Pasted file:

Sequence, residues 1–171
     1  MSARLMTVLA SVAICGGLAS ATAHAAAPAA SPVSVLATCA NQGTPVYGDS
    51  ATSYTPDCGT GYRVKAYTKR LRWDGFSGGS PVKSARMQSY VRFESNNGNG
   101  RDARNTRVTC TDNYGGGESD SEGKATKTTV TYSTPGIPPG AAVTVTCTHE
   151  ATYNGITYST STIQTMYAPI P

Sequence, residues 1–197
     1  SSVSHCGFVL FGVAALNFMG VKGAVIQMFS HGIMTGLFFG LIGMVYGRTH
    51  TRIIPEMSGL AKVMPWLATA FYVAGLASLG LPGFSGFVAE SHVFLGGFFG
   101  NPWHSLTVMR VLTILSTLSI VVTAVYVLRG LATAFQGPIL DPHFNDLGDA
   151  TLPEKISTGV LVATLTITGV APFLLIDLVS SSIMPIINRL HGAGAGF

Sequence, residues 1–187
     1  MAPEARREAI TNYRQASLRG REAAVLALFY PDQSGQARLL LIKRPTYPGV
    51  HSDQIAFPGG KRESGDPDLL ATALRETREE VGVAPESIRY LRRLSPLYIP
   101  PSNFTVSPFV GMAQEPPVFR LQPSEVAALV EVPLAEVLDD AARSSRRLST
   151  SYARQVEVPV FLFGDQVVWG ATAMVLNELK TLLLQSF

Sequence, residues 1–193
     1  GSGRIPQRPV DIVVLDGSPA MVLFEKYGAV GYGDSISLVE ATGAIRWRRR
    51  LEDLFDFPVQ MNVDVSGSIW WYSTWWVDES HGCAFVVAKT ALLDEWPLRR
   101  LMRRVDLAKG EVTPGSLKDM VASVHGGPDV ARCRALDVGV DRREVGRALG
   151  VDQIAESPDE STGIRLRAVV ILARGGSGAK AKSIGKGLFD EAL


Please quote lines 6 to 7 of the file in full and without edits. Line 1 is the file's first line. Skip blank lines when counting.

Sequence, residues 1–197
     1  SSVSHCGFVL FGVAALNFMG VKGAVIQMFS HGIMTGLFFG LIGMVYGRTH